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The Myths & Realities of Using Pipe Dope on Threads

Article By: Rob Schepis

Much too often on the boating technical forums the questions are asked about installing zincs and the risk of using a pipe dope. The concern is that anything other than clean bare threads may “impede” a good electrical connection between the zinc cap and the body of the cooler in which it is being installed, thus rendering the zinc less effective or totally ineffective. I recently came across this on a boat builder’s website as well which prompted me to do this write up and pictorial.

Let’s understand the zinc cap design and look at the benefits of using a pipe dope before we get to whether or not it actually has an ill effect on the electrical connection.

The zinc cap threads into the casting, the cooler body or, in some cases, a cooler’s end cover. The threads are commonly referred to as pipe thread, abbreviation “NPT” for national pipe taper. It is the taper of the threads that creates the sealing pressure (a.k.a. interference fit) as the male component is tightened within the female component. Once tightened, the interfering threads create the seal. This is unlike the straight thread where the male component (bolt) spins without resistance into the female component (nut).

For that tapered thread interference fit to be 100% leak free it would have to be machined perfectly (zero-tolerance) and be absolutely free of any defects, burrs, bumps, etc. This is not the case in the real world. The use of a pipe dope has multiple benefits. It fills any machining or “after-machining” voids or imperfections that could and will leak. By sealing the threads, it also keeps out external impurities that would cause corrosion, much like the use of a dielectric compound on an electrical connection. And lastly, it also lubricates and prevents thread galling (seizing). The lubricating benefit is important on both assembly and disassembly.

Now we should be that much clearer as to how the pipe threads function and the benefits of using a pipe dope to seal, preserve and lubricate the threaded connection.

For the purpose of installing zincs, we need to investigate the electrical effect of the pipe dope on that threaded connection. Does it totally, or partially, effect the connection in the form of blocked current flow or added resistance? Does it have zero effect on the current flow through the threaded connection with no added resistance?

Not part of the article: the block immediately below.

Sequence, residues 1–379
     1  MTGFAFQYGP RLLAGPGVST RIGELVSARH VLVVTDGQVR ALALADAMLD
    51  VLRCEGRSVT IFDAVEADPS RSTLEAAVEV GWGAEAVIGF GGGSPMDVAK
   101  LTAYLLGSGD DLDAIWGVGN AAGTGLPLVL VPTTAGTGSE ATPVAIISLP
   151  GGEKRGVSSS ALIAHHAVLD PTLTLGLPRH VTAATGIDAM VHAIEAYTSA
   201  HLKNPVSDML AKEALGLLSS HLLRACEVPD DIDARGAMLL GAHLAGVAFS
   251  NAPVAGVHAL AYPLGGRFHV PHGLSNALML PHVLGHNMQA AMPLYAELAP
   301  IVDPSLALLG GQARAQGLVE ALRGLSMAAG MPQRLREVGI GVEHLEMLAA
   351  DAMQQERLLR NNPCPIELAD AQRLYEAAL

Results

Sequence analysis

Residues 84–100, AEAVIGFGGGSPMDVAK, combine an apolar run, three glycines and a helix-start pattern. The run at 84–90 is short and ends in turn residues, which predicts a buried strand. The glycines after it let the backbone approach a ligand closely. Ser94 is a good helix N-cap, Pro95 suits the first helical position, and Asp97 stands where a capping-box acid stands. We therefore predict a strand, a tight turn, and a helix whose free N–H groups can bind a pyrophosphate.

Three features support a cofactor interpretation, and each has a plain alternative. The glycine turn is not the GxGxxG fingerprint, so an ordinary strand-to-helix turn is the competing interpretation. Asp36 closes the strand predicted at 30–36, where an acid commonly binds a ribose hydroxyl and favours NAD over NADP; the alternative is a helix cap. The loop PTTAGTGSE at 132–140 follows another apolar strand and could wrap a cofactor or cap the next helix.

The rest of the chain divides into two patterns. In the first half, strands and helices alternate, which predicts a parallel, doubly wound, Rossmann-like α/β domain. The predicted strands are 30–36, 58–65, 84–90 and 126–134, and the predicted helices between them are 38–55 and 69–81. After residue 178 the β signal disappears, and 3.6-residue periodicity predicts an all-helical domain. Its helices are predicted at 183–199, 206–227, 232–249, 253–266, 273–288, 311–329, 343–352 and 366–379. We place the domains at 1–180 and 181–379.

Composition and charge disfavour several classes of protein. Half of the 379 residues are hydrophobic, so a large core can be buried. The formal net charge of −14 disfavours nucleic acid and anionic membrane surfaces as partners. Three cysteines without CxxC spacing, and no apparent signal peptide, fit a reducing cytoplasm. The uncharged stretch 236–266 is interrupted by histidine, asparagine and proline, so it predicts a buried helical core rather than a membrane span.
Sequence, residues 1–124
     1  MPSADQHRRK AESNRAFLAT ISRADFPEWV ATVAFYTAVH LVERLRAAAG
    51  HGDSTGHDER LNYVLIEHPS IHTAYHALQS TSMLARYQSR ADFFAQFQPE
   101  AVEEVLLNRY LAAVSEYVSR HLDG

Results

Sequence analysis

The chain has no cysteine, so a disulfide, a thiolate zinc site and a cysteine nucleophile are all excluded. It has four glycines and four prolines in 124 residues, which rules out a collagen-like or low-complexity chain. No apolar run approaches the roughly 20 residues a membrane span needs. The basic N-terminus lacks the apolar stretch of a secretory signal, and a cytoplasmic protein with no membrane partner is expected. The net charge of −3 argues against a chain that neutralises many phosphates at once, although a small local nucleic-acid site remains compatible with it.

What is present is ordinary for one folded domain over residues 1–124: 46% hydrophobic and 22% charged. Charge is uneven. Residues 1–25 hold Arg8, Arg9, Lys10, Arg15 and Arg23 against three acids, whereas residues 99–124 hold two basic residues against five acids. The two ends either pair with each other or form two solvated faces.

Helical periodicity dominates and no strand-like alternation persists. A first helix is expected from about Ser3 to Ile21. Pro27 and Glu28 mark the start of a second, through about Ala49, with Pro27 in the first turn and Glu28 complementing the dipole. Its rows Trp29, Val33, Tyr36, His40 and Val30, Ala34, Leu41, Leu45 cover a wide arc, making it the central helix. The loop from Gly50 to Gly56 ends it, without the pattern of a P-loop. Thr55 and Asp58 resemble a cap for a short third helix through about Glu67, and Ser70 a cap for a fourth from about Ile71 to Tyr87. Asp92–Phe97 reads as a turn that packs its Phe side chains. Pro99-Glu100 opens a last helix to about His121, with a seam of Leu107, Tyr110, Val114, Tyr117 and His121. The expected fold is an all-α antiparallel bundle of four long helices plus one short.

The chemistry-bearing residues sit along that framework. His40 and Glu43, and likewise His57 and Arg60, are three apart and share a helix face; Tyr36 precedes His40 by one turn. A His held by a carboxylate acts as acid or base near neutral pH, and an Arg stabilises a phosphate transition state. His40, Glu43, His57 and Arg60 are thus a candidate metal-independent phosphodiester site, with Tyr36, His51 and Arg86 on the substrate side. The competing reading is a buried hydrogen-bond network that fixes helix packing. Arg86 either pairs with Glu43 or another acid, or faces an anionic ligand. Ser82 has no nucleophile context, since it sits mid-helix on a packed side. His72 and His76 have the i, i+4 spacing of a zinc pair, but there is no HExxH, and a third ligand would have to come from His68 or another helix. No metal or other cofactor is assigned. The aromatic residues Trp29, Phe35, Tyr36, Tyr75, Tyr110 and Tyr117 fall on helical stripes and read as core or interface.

Preferring to do this on the bench, rather than in the boat’s engine room, I utilized a common 1/2″ NPT zinc cap and a brass check valve casting. The valve body casting simulates any engine component that the zinc would be threaded into.

Photo (01) shows infinite resistance with an open connection at the meter leads.

As expected, Photo (02) shows zero resistance when the bare cap is threaded into the casting.

Some folks prefer teflon tape over pipe dope since it’s cleaner to work with. Photos (03) and (04) show zero resistance when teflon tape is used to lubricate and seal the threads.

(01) Test Pieces, Open Circuit Infinite Resistance
(01) Test Pieces, Open Circuit Infinite Resistance
(02) Cap Threaded in Bare = Zero Ohms
(02) Cap Threaded in Bare = Zero Ohms
(03) Teflon Tape 3 Wraps
(03) Teflon Tape 3 Wraps

Next is the pipe dope. A popular product is Rectorseal 5. Photos (05) and (06) show zero resistance when this pipe dope is used to lubricate and seal the threads.

It is not unheard of for plumbers to use a combination of teflon tape and pipe dope. This is mostly done on a problem connection that is being difficult as to making it leak free. Yes, zincs are cheap and easy to replace, but what if your cooler or end cover threads are not in good shape and cleaning them up with a tap still results in a weeping zinc. Over-tightening will only compound your problems. The tape & dope combination may need to be considered. Well have no fear, Photos (07) and (08) show zero resistance when a teflon tape & pipe dope combination is used to lubricate and seal the threads.

(04) Teflon Tape on Cap = Zero Ohms
(04) Teflon Tape on Cap = Zero Ohms
(05) Rectorseal 5 Cap Threads
(05) Rectorseal 5 Cap Threads
(06) Recorseal = Zero Ohms
(06) Recorseal = Zero Ohms

For fun taking this one step further, Photos (09) and (10) show zero resistance when several wraps of vinyl electrical “insulating” tape is applied to the threads.

The reason that neither of these products applied to the pipe threads caused any resistance is that the metal to metal contact is not in any way prevented or inhibited. The pipe dope or teflon tape only fills the voids where there is no metal to metal contact and it is those voids that would otherwise leave you with a leaky connection.

(07) Rectorseal and Teflon Tape
(07) Rectorseal and Teflon Tape
(08) Rectorseal and Tape = Zero Ohms
(08) Rectorseal and Tape = Zero Ohms
(09) Vinyl Electrical Insulating Tape
(09) Vinyl Electrical Insulating Tape
(10) Electrical Tape = Zero Ohms
(10) Electrical Tape = Zero Ohms